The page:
First, the data isn’t very surprising in many ways. Regardless of black or white, it’s not surprising that those who are regular church-goers care deeply about sharing their faith with their kids. If anything, it’s surprising that the percentages aren’t actually higher, because those who regularly attend Christian church services are, in the main, the ones who believe that the teachings of Christianity are truth. And if we believe that these things are true, then we necessarily must believe in the need to share them with our kids. If we believe that Jesus is the singular way, truth, and life (John 14:6), then we will want to share the good news about him with everyone and see all people come to follow him… especially those of our own household!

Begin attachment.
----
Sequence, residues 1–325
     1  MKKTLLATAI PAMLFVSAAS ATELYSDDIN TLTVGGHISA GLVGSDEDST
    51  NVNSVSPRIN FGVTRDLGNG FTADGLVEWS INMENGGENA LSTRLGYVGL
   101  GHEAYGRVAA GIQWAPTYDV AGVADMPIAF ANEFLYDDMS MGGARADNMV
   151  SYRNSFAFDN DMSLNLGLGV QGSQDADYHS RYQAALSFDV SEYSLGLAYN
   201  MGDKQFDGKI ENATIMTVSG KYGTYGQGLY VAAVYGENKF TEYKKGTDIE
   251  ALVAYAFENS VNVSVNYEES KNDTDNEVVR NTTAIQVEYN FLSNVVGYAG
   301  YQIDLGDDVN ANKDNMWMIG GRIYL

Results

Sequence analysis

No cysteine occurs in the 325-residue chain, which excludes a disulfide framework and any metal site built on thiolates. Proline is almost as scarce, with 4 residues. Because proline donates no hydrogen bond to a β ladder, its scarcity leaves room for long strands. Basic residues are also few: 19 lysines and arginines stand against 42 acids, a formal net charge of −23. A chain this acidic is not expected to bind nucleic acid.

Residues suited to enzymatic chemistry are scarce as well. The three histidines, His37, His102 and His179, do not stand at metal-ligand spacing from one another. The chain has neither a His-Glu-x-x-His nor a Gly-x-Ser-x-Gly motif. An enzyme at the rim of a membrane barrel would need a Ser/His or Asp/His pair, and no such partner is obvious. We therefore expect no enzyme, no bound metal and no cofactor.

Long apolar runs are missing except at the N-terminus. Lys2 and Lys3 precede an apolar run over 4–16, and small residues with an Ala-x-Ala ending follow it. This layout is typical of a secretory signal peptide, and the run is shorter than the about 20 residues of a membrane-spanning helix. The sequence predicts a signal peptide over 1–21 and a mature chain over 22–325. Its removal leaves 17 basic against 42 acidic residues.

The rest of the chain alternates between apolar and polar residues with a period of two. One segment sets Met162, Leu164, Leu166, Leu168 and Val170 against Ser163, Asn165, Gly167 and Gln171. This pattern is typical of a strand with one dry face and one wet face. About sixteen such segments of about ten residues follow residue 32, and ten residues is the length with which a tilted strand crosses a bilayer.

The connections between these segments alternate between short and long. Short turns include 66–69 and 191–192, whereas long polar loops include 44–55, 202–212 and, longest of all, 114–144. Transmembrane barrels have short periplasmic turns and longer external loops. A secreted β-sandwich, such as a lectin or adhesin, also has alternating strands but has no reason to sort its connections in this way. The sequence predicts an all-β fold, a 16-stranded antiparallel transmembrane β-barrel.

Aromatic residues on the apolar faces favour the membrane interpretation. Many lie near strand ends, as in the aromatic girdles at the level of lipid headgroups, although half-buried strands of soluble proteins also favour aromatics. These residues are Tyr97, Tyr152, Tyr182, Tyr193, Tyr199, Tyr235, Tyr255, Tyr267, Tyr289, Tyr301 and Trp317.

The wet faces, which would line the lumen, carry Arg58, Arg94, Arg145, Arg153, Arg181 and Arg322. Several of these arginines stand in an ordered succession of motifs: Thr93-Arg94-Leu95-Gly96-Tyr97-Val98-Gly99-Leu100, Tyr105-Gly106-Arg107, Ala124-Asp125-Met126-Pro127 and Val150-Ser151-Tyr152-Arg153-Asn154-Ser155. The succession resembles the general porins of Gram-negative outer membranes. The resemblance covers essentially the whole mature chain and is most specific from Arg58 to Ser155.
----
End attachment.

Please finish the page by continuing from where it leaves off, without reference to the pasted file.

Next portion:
Second, I occasionally hear Christians say things like, “The faith isn’t hereditary. Each generation must have their own faith.” And while I understand the sentiment behind that, a report like the one from Pew should probably increase our awareness of the fact that the Bible does intend for faith to be hereditary in some sense. Yes, each person must come to a point of maturity where they take ownership of their faith, but let’s not throw the baby out with the bathwater in saying that “Christian faith isn’t hereditary.” Because each generation is also supposed to teach the faith to the next generation. That was explicitly stated in the Old Testament (Deut. 6:4-9), and there are plenty of examples or allusions to the same thing happening among Christians in the New Testament (cf. 2 Tim. 1:5). Our faith is supposed to be a gift from one generation to the next, and so it is “hereditary” in that sense, and we should be diligent to make it so.